In 1982, archeologist Dr. Robert Pyle investigated a petroglyph, or rock carving, in Wyoming County, West Virginia. Many such carvings exist whose origins are shrouded in mystery, but Pyle thought this one unique for the carving looked like early runic writing. He lychen-dated it as having been carved between 500 and 700 AD. He recorded every detail of the carving in 18 separate visits, and gave the story to a local newspaper. A reader clipped the article and sent it to the West Virginia Chamber of Commerce which published it in their periodical: Wonderful West Virginia. A copy of the magazine was sent to Ida Jane Gallagher – a native West Virginian working as a free-lance writer in Connecticut. She saw a similarity between the carving and one she had photographed in New England, and she contacted the editor for more information. She was invited to visit the petroglyph. In November 1982, Robert Pyle led her up a steep bank to a rock ledge, where Ms Gallagher took her first look at the 10-foot long inscription carved on a recessed portion of the cliff face beneath a natural rock overhang. She was convinced that it was a major find, and contacted Harvard Professor Barry Fell, an expert on ancient epigraphic inscriptions and President of the International Epigraphic Society. When Dr. Fell saw the carving he recognized it as Ogham — an ancient Celtic script he had studied in Ireland. He agreed to a translation.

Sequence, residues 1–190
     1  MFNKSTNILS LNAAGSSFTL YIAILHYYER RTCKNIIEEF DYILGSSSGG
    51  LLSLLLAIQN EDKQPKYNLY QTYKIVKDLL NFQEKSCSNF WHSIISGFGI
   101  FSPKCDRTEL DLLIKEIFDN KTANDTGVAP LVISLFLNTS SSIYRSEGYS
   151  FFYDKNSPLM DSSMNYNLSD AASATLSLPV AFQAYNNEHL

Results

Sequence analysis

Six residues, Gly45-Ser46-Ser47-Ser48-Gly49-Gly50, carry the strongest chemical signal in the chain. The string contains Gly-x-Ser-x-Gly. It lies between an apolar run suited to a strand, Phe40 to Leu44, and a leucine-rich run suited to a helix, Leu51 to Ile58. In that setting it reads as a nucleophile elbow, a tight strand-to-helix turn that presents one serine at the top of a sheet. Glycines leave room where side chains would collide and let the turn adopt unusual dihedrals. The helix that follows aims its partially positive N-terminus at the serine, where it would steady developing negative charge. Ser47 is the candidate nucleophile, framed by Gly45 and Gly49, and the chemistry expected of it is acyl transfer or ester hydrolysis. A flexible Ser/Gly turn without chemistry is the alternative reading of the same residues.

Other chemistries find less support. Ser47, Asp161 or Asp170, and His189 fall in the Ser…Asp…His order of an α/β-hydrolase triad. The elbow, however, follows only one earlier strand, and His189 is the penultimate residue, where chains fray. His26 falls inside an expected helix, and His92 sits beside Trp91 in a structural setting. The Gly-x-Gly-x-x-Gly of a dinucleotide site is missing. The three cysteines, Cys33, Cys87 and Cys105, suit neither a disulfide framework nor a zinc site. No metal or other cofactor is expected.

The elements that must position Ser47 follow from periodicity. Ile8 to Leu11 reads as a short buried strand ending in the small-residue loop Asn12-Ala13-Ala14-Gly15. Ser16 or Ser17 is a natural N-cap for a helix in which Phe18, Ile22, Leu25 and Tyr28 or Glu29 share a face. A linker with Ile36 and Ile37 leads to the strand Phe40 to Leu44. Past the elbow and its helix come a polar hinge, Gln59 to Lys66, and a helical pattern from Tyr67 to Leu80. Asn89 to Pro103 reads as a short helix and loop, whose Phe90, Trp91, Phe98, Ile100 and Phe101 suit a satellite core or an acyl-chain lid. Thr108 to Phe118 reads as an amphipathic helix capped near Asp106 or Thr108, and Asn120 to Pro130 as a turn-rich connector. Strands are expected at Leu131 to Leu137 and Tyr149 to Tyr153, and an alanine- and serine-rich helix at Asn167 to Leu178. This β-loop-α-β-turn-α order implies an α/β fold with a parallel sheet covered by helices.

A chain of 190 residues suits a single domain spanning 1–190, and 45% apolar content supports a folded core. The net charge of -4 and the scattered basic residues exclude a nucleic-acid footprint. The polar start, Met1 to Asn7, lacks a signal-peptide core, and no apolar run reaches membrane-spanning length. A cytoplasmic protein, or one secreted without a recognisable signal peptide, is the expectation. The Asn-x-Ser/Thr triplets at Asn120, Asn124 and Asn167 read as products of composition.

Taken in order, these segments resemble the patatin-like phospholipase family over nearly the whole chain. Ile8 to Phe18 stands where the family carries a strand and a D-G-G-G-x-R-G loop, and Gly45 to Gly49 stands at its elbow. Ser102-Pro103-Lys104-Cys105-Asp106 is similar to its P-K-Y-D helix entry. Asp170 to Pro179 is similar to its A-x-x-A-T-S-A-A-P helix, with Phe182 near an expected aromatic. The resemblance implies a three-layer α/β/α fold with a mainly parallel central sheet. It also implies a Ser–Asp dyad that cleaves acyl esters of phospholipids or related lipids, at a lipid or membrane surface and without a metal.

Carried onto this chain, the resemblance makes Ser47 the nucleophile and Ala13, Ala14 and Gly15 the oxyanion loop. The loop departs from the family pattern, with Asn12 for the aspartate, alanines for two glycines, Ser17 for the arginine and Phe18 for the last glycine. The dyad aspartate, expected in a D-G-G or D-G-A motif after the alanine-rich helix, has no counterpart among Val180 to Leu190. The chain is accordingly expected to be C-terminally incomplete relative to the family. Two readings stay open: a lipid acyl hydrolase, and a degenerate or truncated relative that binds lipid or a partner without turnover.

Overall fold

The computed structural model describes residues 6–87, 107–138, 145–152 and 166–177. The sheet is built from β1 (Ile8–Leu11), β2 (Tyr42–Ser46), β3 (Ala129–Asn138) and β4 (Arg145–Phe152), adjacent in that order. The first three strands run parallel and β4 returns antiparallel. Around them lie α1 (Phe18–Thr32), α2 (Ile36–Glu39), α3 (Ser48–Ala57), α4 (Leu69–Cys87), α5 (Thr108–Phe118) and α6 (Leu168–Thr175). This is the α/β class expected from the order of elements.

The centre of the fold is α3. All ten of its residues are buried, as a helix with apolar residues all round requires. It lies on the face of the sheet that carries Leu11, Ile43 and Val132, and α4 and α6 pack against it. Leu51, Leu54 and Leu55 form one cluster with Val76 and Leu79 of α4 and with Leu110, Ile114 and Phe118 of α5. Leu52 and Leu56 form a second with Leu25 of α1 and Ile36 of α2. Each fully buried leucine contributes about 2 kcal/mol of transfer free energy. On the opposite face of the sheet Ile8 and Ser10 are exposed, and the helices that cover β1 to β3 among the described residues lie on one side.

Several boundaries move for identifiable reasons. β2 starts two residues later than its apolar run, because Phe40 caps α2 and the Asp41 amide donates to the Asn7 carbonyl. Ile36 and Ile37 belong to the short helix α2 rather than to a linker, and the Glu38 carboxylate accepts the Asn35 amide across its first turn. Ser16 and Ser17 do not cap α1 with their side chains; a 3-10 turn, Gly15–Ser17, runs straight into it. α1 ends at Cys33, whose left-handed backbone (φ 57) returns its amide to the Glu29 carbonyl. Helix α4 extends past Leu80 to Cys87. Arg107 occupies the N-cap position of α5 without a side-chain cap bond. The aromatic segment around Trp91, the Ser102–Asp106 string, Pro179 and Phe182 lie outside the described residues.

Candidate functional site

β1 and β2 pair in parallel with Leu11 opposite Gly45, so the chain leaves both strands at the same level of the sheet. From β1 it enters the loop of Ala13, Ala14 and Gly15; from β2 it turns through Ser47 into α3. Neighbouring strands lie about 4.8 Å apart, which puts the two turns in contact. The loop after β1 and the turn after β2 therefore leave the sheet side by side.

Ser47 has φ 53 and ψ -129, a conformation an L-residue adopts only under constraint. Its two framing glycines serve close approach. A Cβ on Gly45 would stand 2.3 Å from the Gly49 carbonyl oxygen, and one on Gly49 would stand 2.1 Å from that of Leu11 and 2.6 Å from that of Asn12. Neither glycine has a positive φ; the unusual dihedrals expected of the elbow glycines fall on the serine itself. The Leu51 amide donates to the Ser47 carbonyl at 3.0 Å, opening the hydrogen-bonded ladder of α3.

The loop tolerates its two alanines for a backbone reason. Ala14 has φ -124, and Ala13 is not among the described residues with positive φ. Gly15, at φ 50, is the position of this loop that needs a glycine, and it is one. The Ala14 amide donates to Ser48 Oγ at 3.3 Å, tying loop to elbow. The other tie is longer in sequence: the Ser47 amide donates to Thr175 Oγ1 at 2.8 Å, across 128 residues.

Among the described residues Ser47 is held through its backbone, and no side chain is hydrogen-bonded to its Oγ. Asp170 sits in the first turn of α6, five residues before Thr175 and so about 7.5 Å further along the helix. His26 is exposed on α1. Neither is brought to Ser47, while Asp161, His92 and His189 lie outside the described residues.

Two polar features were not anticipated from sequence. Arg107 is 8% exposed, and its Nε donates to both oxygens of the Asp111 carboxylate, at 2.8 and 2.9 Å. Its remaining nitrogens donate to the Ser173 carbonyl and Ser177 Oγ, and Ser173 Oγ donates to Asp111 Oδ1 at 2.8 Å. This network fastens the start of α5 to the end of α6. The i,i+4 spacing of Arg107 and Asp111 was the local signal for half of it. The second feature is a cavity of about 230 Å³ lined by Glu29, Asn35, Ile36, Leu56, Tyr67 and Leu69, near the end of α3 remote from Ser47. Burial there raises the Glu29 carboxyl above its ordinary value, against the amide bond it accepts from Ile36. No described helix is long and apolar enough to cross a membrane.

He translated the Ogham into Old Irish, from Old Irish into modern Irish and then into English. When the message was deciphered, it became obvious that its validity would be easy to confirm. It read, A ray will graze the notch on the left side, at the time of sunrise at Christmas, the first season of the year, the season of the blessed advent of the savior Lord Christ, behold he is born of Mary, a woman. It was decided to verify the accuracy of the translation by visiting the carving in December. In ancient times, Christmas was celebrated around the Winter Solstice, so a small group met at the petroglyph on the night of December 21, 1982. Quietly they waited as the dawn sun climbed behind them to a height where it spilled over the mountains and streamed its rays toward the cliff face before them. They watched in amazement as the first shaft of sunlight funneled through a previously unnoticed notch in the cliff overhang, and like a flashlight beam, struck the dead center of a sun symbol at the left end of the panel. Since the sun rises in a slightly different spot each morning, its rays directly hit that sun spot at no other time of the year. Transfixed, they watched the beam expand as the sun rose, pushing the shadow from left to right, slowly bathing the entire message in sunlight like a prehistoric neon sign announcing yet another Christmas as it had done for centuries. Before their eyes, they had received a Christmas message across the ages. Here was a message that was definitely Christian, carved in the 6th century and carved in Ogham — a cipher used at that time only by the Irish!